As pilots we all strive to be safe, and to make good decisions. Good decisions are the result of experience and experience comes from having made mistakes or having learned from the mistakes of others. I recently read a book called The Pathless Way by Justin de Goutiere. This book was published in the 1960s and recounts the stories of a floatplane pilot working on the British Columbia coast. As I was reading in disbelief at some of the risks that were taken and tales that were told I took a moment and realized that at the time this book was published, “bush pilots” and “bush planes” had only really been a thing for twenty years. This pilot never had access to the resources that we enjoy today. No GPS, no Facebook Community to ask questions of or share experiences with, no Google, no satellite imagery or GFAs and certainly no safety management systems. He truly had to make his mistakes in order to learn and gain experience or glean what he could during limited face to face hangar flying with other pilots. I suppose that is what separates aviation pioneers from modern day pilots. Aviation pioneers had to learn the hard way while modern day pilots only have to learn the hard way if they are either unwilling to listen or unwilling to share their mistakes with others.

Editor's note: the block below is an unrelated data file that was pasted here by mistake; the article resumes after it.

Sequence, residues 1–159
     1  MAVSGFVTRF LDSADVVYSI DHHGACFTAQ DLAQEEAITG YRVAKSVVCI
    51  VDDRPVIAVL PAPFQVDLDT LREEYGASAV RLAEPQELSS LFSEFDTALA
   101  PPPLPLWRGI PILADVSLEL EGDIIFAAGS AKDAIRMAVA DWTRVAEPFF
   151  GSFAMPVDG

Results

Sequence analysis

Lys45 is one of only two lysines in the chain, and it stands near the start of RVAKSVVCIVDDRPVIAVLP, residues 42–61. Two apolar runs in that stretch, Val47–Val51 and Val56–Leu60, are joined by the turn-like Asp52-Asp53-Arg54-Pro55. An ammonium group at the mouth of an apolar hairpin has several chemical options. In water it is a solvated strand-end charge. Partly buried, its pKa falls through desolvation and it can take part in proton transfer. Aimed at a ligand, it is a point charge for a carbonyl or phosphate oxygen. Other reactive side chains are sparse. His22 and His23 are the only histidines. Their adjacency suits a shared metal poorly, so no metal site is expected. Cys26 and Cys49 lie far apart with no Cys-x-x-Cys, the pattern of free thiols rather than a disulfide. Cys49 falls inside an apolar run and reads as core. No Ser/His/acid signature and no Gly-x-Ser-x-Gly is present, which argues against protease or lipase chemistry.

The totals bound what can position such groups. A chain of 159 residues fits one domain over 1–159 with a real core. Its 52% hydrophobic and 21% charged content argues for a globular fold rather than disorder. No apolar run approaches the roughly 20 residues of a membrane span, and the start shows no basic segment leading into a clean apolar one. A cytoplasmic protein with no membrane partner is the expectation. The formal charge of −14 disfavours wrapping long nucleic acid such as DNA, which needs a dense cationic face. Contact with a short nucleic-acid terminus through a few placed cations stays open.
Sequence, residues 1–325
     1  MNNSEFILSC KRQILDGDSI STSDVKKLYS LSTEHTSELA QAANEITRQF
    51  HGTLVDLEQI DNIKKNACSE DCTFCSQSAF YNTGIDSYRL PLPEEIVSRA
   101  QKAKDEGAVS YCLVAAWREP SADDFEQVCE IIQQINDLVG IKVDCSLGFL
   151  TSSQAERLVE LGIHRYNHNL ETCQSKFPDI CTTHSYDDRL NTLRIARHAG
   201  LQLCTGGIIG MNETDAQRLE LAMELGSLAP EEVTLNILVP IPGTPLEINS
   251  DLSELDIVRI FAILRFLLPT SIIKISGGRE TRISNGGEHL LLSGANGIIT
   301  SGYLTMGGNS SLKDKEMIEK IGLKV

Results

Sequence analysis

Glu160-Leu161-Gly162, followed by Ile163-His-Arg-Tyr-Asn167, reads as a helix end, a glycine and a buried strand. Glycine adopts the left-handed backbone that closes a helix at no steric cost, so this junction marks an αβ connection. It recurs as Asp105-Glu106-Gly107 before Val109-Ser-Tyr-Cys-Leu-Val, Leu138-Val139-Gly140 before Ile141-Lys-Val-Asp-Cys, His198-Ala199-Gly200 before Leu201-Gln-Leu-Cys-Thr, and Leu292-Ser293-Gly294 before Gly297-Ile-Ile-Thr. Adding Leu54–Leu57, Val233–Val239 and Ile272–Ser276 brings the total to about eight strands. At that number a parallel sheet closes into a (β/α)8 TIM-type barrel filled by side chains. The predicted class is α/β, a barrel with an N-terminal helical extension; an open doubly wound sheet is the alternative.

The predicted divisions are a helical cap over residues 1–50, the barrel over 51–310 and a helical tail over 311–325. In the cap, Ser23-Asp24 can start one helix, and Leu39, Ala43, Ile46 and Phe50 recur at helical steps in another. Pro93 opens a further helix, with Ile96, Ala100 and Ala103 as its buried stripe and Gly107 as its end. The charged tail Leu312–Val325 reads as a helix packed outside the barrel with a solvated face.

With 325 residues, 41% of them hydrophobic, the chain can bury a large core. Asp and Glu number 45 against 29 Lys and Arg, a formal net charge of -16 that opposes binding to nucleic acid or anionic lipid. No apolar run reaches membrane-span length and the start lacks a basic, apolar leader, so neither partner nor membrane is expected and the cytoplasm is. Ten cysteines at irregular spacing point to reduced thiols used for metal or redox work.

As pilots we all make mistakes. Let’s chalk it up to being more human than pilot. It is what we do with these mistakes that matter. In Commercial Aviation we have Safety Management Systems or SMS where pilots are required to self report safety concerns or errors be they minor or major. In Air Traffic Control the term used is Just Culture. It is a system where Air Traffic Controllers must self-report their errors. In both the SMS and Just Culture system reports are meant to be non-punitive unless gross negligence is involved. The idea being that by self-reporting, sharing mistakes and identifying the root cause others may learn and avoid making the same error.